Last week, a story emerged out of the US which has made some people extremely confused.
In 2006, a woman was admitted to a hospital in Colorado after experiencing vomiting and shortness of breath. She was seven months pregnant with twins. At the hospital, operated by a company named Catholic Health Initiatives, nurses checked for foetal heartbeats, and finding none they decided against doing a perimortem Caesarean section, which can save the lives of both mothers and babies, because the babies were probably dead. In the end, the woman died, as did her unborn twins. Her husband has since filed a lawsuit against the hospital arguing that if the obstetrician had performed a caesarean, the twins might have been saved.
The lawyer defending the Catholic Health Initiative and the hospital has come up with a perhaps surprising line of argument. He has said that the case should be dismissed on the grounds that a foetus is not a person. “[The court] should not overturn the long-standing rule in Colorado that the term ‘person,’ as is used in the Wrongful Death Act, encompasses only individuals born alive. Colorado state courts define ‘person’ under the Act to include only those born alive. Therefore Plaintiffs cannot maintain wrongful death claims based on two unborn fetuses.”
It’s a legally sound argument. But the significance is that this is a Catholic institution arguing that a foetus is not a person. Catholic doctrine sanctions the belief that life begins at conception. Indeed, the Catholic Health Initiative writes just that on their website.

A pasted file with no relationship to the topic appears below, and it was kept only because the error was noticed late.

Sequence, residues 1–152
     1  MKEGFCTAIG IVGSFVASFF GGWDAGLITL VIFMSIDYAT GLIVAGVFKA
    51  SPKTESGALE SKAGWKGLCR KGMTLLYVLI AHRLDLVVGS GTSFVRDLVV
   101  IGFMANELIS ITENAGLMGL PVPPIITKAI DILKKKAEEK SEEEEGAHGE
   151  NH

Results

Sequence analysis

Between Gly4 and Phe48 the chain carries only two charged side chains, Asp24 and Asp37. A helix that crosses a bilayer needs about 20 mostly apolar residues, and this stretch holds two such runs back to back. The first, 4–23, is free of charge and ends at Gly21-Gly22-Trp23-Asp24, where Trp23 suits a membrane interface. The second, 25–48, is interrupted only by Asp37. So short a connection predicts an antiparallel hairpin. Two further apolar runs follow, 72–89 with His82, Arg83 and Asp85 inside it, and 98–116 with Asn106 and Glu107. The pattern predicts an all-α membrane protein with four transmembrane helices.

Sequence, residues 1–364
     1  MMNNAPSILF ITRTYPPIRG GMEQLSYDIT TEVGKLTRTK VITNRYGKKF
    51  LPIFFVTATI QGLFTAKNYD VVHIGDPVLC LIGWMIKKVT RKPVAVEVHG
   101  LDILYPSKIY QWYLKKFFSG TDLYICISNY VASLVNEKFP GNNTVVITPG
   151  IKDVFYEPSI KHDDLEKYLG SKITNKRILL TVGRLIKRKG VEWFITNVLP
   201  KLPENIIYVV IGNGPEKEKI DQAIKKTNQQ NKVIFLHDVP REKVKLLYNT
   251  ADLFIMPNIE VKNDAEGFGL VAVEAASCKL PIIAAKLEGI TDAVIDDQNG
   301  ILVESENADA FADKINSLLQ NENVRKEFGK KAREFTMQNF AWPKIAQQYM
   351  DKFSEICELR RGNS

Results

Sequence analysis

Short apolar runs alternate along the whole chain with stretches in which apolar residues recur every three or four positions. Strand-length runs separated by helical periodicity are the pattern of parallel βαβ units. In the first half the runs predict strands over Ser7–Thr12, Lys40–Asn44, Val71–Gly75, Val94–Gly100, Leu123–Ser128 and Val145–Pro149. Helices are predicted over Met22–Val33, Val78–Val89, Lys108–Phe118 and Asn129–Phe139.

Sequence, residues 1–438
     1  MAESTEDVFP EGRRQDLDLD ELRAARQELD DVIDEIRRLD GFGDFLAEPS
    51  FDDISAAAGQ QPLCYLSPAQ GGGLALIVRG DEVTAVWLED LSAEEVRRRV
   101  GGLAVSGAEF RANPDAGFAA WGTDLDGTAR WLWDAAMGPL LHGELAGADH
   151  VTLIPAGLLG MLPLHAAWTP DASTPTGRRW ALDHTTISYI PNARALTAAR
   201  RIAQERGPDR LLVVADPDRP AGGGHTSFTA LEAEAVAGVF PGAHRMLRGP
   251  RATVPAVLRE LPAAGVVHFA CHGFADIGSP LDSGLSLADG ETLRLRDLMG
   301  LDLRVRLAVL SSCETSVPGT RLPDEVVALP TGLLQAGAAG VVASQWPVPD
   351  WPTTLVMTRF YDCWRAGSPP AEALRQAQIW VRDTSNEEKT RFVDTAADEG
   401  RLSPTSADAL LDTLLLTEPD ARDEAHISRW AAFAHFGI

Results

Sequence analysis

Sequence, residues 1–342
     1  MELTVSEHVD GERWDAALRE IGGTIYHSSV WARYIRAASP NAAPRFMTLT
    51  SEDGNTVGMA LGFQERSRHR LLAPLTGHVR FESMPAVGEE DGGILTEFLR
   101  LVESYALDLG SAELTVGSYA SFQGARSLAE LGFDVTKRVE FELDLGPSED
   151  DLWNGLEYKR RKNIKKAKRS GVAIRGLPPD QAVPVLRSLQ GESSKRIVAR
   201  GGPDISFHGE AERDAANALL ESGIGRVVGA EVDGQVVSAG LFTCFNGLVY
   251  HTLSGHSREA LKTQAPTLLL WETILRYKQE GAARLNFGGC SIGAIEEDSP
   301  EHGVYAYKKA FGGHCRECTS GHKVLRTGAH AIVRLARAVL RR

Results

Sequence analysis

Interestingly, the same idea the Hospital is defending itself with – a foetus is not a person – was one of the most controversial ideas presented at the Festival of Dangerous Ideas last year (watch the video here). Practical ethicists Alberto Giubilini and Francesca Minerva drew widespread condemnation and even death threats by suggesting that killing a newborn infant should be as ethically permissible as abortion, because a newborn is not a person – in the sense that they have no concept of their own identity (read a defence here). While the ideas are certainly controversial, it is interesting to see the Catholic Church making the same argument.
For more ideas about the influence of the Church in secular societies, check out our upcoming event Church & State, featuring AC Grayling and Sean Faircloth.